“This is the most solid I’v been in a while, which is refreshing,” he said. “The results don’t show it so positively, but I’ve been in the mix for top 10’s in pretty much every sprint after Christmas. Shooting has obviously been the issue, not that it was bad, but there is no room for mistakes. Once you’ve committed one, you’re rapidly getting bumped down the list. So I’m confident heading into training pre-World Champs.”
The U.S. plan is to take a short break after Sunday’s relay – it has been an intense three-week block of racing – and then focus for the Championships, which will be held in Nove Mesto, Czech Republic.
“All athletes have individual free time and the World Championships camp starts then January 28th here in Antholz,” U.S. High Performance Director Bernd Eisenbichler explained. “Most athletes stay for the full three weeks now in altitude right next to the venue, and then we drive February 3rd over to Nove Mesto. We will not do crazy new things now in preparing for these World Championships , but work on individual specific needs and execute the work.”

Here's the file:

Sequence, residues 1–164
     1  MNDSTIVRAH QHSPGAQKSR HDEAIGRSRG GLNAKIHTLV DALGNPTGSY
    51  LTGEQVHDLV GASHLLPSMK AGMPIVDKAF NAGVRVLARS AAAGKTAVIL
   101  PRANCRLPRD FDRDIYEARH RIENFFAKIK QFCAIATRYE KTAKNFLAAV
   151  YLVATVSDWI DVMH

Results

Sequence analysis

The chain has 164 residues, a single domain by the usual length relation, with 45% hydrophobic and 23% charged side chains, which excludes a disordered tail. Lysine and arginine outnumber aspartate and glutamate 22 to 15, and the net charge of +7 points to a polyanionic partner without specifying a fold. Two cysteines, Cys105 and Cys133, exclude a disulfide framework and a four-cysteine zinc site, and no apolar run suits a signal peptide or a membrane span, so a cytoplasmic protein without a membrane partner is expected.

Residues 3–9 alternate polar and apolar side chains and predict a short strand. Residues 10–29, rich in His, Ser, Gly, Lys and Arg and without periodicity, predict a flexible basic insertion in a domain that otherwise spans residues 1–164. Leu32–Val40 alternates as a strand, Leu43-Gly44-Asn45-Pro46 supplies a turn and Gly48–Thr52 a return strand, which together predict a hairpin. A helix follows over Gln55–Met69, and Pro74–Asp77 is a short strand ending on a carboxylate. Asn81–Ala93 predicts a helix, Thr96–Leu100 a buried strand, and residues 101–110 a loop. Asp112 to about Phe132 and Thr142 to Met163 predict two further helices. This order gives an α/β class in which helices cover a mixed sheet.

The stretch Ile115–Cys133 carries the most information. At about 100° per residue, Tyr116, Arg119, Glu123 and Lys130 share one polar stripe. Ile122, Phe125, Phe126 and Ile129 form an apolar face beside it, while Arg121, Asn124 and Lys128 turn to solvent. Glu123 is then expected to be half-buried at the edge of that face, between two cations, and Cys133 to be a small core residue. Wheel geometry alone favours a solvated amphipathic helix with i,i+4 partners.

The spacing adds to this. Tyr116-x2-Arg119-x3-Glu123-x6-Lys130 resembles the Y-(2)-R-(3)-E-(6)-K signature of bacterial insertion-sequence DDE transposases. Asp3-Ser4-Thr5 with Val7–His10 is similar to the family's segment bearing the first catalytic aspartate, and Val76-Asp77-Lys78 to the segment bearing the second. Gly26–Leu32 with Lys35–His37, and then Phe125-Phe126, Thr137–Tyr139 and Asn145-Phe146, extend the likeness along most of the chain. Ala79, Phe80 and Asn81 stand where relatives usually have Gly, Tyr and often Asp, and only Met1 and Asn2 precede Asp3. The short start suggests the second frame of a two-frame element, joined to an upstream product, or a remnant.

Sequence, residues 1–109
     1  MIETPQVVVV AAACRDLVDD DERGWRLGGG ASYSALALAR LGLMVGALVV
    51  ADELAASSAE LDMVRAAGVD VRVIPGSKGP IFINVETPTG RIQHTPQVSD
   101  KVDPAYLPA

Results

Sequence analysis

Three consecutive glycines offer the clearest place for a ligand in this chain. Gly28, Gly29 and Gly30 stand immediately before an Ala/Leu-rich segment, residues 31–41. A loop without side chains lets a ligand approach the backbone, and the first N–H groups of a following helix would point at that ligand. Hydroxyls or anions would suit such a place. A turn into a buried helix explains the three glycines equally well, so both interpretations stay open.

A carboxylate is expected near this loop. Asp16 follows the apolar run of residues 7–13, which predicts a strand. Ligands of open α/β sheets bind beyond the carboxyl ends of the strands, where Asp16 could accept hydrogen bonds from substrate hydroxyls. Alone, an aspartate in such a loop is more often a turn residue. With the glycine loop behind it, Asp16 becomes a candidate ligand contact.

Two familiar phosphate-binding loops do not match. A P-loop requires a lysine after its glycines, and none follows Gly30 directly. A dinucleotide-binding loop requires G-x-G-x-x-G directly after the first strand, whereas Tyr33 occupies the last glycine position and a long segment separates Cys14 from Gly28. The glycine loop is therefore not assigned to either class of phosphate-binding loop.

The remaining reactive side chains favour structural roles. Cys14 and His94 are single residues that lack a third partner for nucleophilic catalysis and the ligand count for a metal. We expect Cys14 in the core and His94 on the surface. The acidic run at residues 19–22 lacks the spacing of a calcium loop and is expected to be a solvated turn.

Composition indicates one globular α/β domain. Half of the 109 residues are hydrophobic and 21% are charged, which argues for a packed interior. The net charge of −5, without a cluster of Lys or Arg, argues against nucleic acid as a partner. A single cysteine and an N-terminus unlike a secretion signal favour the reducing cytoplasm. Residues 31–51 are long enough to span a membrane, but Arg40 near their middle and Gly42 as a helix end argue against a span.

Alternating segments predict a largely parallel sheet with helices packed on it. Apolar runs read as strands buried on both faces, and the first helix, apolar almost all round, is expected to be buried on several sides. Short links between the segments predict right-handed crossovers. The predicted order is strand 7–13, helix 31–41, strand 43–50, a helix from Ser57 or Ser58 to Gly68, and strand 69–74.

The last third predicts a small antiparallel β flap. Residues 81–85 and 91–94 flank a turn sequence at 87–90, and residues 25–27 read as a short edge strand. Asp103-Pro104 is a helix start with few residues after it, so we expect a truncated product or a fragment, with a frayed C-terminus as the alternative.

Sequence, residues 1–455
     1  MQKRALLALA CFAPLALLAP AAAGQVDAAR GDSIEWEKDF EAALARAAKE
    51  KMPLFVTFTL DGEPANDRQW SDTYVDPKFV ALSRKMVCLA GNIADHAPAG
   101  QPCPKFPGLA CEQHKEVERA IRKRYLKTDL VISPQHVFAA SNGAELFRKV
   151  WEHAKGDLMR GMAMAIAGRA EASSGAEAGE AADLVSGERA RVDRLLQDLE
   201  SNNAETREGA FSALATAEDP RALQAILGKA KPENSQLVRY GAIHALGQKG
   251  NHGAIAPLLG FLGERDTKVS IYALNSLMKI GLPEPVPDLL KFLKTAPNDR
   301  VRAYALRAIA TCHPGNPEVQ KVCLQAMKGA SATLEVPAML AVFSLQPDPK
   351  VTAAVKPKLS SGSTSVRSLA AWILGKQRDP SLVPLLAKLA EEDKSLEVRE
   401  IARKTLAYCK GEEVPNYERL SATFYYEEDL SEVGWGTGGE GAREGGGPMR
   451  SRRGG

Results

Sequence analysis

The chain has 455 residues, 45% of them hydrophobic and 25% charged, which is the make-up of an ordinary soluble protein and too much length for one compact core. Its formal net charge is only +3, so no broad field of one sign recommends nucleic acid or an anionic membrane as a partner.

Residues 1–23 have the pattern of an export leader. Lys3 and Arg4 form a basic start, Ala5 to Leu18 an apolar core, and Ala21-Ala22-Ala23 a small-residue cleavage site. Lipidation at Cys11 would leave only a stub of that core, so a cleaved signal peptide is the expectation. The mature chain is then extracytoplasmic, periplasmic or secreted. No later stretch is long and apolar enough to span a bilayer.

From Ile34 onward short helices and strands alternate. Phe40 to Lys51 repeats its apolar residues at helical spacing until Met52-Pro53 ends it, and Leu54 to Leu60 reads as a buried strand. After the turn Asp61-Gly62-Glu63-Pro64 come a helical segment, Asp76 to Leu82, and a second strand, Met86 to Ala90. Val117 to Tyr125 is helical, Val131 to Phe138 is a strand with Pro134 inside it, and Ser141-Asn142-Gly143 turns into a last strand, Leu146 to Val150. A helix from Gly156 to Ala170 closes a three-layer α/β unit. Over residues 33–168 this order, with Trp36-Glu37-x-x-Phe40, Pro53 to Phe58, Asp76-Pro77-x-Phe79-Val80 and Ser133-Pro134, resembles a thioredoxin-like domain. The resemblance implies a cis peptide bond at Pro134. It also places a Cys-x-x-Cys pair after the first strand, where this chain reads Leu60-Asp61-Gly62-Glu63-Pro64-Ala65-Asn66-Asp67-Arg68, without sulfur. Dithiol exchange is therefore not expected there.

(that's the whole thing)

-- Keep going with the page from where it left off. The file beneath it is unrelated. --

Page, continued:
Finally, some notes on the women’s race, where Annelies Cook led North Americans in 37th. Unlike the men’s race, where most of the field shot well (with a few notable exceptions like German star Arnd Peiffer, who missed a whopping nine shots; in fact with the exception of Florian Graf’s four penalties, all of the German men had to ski at least six penalty loops), the women struggled in standing.